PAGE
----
The next major step was a series of calculations by Pollack et al. (1996) who allowed a variable core accretion rate given by eq. (1). The simulations contained three major elements: (1) three-body accretion cross-sections of solids onto the embryo (Greenzweig and Lissauer, 1992) to determine , (2) a modified stellar evolution code (Henyey et al., 1964) to follow the structure and evolution of the gaseous envelope, and (3) a calculation of the trajectories of planetesimals through the gaseous envelope (Podolak et al., 1988), to deduce the deposition of solid mass and energy in the envelope and to determine the protoplanet’s effective capture radius, taking into account gas drag. The often-quoted result of these calculations is that it took Jupiter 8 Myr to form in a solar nebula with g cm, three times the density in the minimum mass solar nebula, under the assumption that the opacity due to small grains in the cool outer envelope was provided by grains with an interstellar size distribution and with interstellar abundances with respect to the gas. It was also shown that if the grain opacities were arbitrarily reduced to 2% of interstellar values, the formation time was reduced to about 3 Myr.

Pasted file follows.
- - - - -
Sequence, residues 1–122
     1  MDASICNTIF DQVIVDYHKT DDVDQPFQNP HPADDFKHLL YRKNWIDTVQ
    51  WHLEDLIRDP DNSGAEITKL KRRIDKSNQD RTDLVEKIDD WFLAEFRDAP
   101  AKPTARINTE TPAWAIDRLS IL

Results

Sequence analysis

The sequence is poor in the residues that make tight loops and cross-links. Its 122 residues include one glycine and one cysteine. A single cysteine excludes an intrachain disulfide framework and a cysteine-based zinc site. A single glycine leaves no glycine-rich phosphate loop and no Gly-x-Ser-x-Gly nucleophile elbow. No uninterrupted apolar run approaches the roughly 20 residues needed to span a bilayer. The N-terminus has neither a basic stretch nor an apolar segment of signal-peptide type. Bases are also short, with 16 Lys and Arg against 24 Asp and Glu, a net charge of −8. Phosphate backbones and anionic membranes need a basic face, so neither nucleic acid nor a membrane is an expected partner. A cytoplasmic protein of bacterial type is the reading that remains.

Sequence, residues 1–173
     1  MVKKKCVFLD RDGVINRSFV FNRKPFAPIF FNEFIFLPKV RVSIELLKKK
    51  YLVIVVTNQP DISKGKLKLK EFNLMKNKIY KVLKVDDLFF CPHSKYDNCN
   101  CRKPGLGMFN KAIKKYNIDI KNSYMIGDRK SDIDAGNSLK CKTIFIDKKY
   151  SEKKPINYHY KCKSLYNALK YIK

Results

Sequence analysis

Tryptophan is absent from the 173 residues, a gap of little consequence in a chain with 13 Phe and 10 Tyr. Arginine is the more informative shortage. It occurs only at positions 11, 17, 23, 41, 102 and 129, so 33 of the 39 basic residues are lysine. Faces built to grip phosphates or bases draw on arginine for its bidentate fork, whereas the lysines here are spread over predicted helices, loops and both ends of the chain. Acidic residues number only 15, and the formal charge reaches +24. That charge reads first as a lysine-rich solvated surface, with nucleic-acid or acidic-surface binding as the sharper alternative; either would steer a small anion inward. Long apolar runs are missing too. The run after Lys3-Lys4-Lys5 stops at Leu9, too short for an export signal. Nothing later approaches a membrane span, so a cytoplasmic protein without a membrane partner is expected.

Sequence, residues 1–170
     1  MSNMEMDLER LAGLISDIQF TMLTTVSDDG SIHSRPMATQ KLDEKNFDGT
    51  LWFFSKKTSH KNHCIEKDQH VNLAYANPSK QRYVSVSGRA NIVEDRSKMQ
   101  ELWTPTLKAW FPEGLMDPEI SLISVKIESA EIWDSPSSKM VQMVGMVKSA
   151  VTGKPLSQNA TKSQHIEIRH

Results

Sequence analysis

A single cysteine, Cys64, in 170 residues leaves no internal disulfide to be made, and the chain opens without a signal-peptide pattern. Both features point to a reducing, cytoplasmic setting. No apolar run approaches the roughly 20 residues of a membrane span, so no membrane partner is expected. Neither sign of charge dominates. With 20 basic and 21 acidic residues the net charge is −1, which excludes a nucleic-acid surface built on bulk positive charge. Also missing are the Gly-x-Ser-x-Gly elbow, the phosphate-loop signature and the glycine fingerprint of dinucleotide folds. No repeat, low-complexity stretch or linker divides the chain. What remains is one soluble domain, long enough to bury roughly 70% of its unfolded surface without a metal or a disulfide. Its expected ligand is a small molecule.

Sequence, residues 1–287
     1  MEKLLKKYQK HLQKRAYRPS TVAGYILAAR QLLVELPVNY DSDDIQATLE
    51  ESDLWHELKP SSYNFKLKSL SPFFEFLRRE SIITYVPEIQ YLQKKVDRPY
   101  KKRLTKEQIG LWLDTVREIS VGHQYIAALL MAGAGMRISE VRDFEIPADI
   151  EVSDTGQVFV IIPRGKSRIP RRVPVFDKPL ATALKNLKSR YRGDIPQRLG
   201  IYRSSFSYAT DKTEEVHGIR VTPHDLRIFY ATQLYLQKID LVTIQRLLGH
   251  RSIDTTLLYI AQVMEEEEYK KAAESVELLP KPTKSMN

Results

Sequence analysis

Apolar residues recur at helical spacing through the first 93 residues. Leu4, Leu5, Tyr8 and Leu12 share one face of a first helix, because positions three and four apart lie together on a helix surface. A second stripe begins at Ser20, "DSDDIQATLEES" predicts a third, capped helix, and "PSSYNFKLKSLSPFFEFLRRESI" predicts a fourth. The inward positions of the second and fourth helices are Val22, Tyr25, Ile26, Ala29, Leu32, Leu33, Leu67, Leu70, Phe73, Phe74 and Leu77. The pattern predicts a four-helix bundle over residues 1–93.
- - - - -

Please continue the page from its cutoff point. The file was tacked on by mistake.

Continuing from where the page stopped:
Subsequent observations of protoplanetary disks and modelling of the interior of Jupiter revealed two major problems with the Pollack et al. (1996) baseline-case results for the formation of Jupiter. First, that case gave a formation time longer than the mean lifetime of protostellar disks, and, second, it produced a core mass of about 16 M, above the plausible range at the time of (0–11) M, derived from matching interior models of the present Jupiter with observations (Saumon and Guillot, 2004). Further calculations (Hubickyj et al., 2005) considered, with generally improved physics, the effects of the following parameters: (1) the opacity arising from small grains in the envelope, (2) the solid surface density in the protoplanetary disk, and (3) a possible cutoff in core accretion rate as a result of competition for solid particles by neighboring embryos. The reduction in opacity was justified by calculations (Podolak, 2003) showing that grains entering into the protoplanetary envelope would rapidly coagulate, settle, and eventually evaporate, resulting in an actual opacity well below interstellar values. In the actual protoplanetary formation calculation the grain opacity was simply reduced to 2% of interstellar values, with the result that the formation time was reduced to under 3 Myr, half that found for interstellar values of grain opacity. The final core mass, however, still remained near 16 M. A reduction in from 10 to 6 g cm, again with the opacity at 2% of interstellar, increased the formation time to 13 Myr and reduced the core mass to 8 M. It turned out that the constraints of short formation time and small core mass could be satisfied simultaneously only if the accretion rate of solids into the protoplanet were arbitrarily cut off at some time, simulating roughly the effect of planetesimal accretion by neighboring protoplanets. A cutoff at M led to a formation time of 4.5 Myr, while a cutoff at 10 M gave a formation time of 1 Myr.